• $\begingroup$ Donu, you're right! The $H^n_c$ of $\mathbb{R}^n$ has dimension $1$. Thanks, you made me realize I don't know even know one definition of $H^i_c(\Gamma,V)$. Yet I have seen people using it in various context without further notice. In each cases I remember of, there was a "natural" $B\Gamma$, but it was not said that $H^i_c$ was defines using this particular $B\Gamma$. Perhaps it was clear for the expert. Well, I have some reading to do: thanks to all for the references. I'll try to edit my question (which right now is meaningless) when I understand. $\endgroup$ – Joël Mar 26 '11 at 13:22
  • $\begingroup$ Complementing Yemon Choi's comment: Maybe you mean Prop. 7.5 on p. 209 in Brown's book. $\endgroup$ – Werner Thumann Jan 7 '15 at 16:21

Please see page 352 (in the Appendix) of Hida's book "Elementary theory of L-functions and Eisenstein series".

  • $\begingroup$ I have the impression that Joël is looking for a definition without resorting the geometric picture, though I could be wrong. Either way, proposition 2 on page 352 does indicate that $H^1_c=H^1_P$. $\endgroup$ – Rob Harron Mar 21 '11 at 4:48
  • $\begingroup$ Monodromy, I have no access today to a library. Thanks for the reference, I'll look at it when I can (tomorrow I hope). What part of my question does it answer? Rob H., you're right that I'd like some purely group-theoretical description if that exists. But I do not think that $H^1_c = H^1_P$ in the context of a congruence subgroup $\Gamma$ of $\Sl_2$. Modularly speaking, the $H^1_p$ parameterizes two copies of the cuspidal modular forms, while $H^1_c$ also parameterizes Eisenstein series. When $\Gamma$ acts freely, and with trivial coefficients, the dim. of $H^1_c$ (and of $H^1$) is $2g+c$ $\endgroup$ – Joël Mar 21 '11 at 12:43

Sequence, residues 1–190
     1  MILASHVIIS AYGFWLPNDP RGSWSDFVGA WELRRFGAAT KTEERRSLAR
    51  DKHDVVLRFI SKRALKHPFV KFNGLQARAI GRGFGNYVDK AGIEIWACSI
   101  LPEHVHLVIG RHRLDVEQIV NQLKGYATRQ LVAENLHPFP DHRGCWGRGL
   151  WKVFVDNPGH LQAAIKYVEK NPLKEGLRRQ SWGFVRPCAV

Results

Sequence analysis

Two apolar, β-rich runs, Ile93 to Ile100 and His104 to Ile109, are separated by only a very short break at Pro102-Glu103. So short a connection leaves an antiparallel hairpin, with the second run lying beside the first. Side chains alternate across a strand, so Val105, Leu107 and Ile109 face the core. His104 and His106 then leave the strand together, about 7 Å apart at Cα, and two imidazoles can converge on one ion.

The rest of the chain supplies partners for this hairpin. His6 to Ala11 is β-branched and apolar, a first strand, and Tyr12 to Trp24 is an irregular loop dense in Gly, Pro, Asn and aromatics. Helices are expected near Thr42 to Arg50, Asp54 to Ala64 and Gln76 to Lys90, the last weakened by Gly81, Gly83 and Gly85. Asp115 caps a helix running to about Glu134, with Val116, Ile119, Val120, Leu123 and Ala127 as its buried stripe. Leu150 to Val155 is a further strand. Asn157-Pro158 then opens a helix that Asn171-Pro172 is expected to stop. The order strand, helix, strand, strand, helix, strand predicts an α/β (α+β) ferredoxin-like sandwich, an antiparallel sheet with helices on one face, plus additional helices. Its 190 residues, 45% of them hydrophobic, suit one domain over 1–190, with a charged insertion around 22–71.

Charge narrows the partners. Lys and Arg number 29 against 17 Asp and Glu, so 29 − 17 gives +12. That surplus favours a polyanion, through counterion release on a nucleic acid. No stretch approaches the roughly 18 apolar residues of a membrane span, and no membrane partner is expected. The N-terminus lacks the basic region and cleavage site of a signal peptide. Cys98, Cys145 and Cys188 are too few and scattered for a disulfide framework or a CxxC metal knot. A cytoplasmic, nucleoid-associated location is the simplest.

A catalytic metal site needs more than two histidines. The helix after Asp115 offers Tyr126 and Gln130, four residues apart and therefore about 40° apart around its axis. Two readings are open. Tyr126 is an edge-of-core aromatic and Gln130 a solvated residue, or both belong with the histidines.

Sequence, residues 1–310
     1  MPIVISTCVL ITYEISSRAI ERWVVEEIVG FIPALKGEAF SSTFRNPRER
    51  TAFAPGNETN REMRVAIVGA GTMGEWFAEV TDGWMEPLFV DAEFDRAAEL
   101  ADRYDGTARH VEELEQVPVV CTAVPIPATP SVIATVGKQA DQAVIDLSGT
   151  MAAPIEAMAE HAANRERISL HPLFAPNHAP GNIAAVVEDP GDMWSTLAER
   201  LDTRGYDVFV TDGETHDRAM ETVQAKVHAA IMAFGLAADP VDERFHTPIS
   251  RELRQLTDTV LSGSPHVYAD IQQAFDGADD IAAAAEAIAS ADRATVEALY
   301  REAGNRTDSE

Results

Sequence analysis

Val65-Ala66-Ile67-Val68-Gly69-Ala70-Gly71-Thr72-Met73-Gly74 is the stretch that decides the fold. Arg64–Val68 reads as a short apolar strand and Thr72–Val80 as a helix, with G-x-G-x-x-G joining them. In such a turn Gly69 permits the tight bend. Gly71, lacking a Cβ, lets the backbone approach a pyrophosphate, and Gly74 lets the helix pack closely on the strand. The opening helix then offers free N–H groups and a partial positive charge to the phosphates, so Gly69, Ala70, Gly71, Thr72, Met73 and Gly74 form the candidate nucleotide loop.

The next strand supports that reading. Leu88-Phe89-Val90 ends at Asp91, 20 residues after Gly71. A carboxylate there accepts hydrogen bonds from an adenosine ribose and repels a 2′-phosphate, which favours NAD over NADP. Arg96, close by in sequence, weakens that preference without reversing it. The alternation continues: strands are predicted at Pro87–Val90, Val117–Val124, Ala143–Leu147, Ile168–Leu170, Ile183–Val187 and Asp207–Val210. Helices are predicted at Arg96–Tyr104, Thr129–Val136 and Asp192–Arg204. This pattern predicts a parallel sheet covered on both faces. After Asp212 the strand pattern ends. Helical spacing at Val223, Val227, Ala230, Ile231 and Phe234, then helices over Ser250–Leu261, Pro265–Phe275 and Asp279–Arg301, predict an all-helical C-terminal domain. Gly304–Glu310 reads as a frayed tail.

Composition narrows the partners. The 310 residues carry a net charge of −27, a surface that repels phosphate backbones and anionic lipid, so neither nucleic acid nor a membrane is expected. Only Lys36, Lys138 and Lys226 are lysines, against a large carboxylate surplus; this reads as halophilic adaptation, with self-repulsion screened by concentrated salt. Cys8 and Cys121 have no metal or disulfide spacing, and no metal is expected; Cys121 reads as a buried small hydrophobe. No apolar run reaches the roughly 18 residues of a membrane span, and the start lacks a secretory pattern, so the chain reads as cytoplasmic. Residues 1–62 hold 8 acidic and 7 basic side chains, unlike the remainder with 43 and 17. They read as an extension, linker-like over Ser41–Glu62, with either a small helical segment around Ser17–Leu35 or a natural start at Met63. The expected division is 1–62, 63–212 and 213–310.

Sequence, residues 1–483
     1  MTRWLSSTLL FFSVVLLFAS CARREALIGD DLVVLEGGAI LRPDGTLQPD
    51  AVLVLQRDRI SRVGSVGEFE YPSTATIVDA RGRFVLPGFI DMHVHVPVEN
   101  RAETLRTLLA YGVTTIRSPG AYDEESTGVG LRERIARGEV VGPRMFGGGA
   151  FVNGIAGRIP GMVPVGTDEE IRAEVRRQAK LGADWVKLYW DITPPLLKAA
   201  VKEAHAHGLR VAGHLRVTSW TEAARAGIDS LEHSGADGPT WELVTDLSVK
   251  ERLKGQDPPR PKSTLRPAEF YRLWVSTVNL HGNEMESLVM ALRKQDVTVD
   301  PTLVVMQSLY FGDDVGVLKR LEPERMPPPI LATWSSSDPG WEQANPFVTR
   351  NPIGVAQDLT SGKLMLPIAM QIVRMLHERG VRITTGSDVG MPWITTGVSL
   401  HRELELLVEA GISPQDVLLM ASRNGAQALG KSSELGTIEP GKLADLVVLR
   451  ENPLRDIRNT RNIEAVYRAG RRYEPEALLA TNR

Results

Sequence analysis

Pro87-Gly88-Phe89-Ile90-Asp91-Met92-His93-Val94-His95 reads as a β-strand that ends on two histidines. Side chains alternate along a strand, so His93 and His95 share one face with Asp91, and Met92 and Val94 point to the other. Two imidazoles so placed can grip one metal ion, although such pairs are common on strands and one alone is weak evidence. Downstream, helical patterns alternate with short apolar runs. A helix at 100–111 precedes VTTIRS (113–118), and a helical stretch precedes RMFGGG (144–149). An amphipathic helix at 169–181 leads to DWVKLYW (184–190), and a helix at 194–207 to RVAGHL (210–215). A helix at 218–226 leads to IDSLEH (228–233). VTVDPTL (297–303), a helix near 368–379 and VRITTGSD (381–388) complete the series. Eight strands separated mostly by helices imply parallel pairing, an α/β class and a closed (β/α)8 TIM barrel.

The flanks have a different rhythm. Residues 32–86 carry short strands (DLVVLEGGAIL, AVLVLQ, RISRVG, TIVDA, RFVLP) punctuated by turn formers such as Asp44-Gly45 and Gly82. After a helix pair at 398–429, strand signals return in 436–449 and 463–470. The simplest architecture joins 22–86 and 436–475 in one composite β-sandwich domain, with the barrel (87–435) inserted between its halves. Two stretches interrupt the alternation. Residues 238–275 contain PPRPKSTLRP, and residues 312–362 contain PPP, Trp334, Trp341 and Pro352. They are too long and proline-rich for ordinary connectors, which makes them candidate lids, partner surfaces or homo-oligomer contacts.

• $\begingroup$ while the dimension of $H^1_p$ is $2g$, (where $g$ is the genus of the modular curve $X(\Gamma)$ and $c$ is ne number of cusps, that is the number of points of $X(\Gamma)-Y(\Gamma)$.) Note that we are just talking about computing the cohomology and cohomology with compact support of the modular curve $Y(\Gamma)$, a smooth proj. curve over $\bf C$ minus $c$ points, since it is a classifying space for $\Gamma$. $\endgroup$ – Joël Mar 21 '11 at 12:47
  • $\begingroup$ Yeah, so sorry! That was a typo, the proposition says $H^2_c=H^2_P$! $\endgroup$ – Rob Harron Mar 21 '11 at 14:41
  • $\begingroup$ (and that exclamation mark is just an exclamation mark, not a lower shriek or anything else mathematical...) $\endgroup$ – Rob Harron Mar 21 '11 at 14:43

I ve got the same problem... nevertheless I found a short description by Kurt Haberland - Perioden von Modulformen in einer Variablen und Gruppenkohomologie 1, section 2.1... if u ve got any problems with german... just tell me...